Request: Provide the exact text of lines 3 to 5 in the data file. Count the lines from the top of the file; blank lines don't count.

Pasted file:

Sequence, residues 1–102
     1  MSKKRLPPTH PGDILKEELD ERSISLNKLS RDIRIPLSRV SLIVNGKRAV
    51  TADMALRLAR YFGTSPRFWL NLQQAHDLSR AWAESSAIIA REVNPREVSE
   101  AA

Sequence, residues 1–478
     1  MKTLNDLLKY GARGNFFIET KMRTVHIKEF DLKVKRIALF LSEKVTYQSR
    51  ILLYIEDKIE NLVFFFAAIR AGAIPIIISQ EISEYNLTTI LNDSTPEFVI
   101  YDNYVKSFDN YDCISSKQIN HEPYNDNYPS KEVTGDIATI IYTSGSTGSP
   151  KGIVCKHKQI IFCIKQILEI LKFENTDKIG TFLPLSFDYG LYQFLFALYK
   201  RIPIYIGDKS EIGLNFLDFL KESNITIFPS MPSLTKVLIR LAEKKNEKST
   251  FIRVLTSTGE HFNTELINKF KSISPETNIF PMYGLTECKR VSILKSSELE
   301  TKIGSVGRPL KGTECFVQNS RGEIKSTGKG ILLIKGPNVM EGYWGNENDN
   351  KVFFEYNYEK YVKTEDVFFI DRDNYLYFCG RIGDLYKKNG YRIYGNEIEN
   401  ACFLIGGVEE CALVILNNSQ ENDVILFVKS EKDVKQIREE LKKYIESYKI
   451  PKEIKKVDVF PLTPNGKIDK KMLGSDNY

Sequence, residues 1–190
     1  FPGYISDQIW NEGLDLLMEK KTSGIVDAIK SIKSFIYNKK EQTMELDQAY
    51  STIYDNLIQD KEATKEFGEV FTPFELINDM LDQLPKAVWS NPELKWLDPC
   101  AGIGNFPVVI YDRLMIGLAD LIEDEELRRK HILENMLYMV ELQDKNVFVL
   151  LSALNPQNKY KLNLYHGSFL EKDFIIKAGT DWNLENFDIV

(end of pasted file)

    51  TADMALRLAR YFGTSPRFWL NLQQAHDLSR AWAESSAIIA REVNPREVSE
   101  AA

Sequence, residues 1–478